Who creates the brand - the consumer or the producer?

By now it is widely acknowledged that consumers and producers co-create brand meaning. But in Brand Hijack (2005), Alex Wipperfurth (see http://www.usatoday.com/money/books/reviews/2005-05-01-brand-hijack_x.htm) takes this a step further, arguing that for maximum traction, brand makers should let go of the brand entirely and let consumers appropriate, define, and sell it in their own ways. As Wipperfurth puts it:

"Consumers are in charge, and they have proof of their power....The next consumer will be an active participant in shaping brand meaning and marketing the brand to others. This will no longer be the sole responsibility of the marketing department." (p. 126)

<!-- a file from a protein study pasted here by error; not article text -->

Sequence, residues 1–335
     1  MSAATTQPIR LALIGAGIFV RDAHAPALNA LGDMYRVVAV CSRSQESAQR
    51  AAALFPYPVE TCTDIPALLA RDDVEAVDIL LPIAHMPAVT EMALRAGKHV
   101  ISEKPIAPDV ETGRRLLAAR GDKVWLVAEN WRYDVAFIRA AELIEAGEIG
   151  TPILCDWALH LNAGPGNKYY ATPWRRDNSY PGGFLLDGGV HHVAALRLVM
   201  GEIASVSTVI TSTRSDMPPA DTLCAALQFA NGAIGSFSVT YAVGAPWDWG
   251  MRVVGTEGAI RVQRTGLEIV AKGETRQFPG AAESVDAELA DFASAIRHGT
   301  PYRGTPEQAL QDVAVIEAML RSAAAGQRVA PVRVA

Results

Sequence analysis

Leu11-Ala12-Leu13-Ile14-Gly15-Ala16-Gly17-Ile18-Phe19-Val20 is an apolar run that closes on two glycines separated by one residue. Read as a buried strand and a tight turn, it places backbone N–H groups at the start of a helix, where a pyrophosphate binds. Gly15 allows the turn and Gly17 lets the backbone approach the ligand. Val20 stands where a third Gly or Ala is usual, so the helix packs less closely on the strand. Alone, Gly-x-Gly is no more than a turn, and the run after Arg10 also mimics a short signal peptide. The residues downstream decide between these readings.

The implication, at the extreme, is that marketers should stop trying to tell consumers what the brand is about and instead offer up a blank canvas that consumers can paint their own meanings on. But frankly, this approach just does not work for me. The marketplace is extremely crowded these days, and it is simply stupid to tell people that they should leave their products undefined and let the marketplace do that work. No, marketers have a responsibility to establish a meaning for the brand in advance of presenting it to the consumer. The consumer may appropriate the brand in different ways, may reshape and refine and rework its ultimate meaning, but the essence of the brand is, or should always be, in the hands of the marketer.

This is not to say that there can't be a happy accident, where the marketer has defined the brand one way and the market soars it to popularity along another track entirely. As Wipperfurth demonstrates in Brand Hijack, that can happen. But most of the time, it is the marketers' responsibility to study the marketplace, understand the target audience, and go forward with a brand proposition that speaks to them. Otherwise how can the brand even go to market?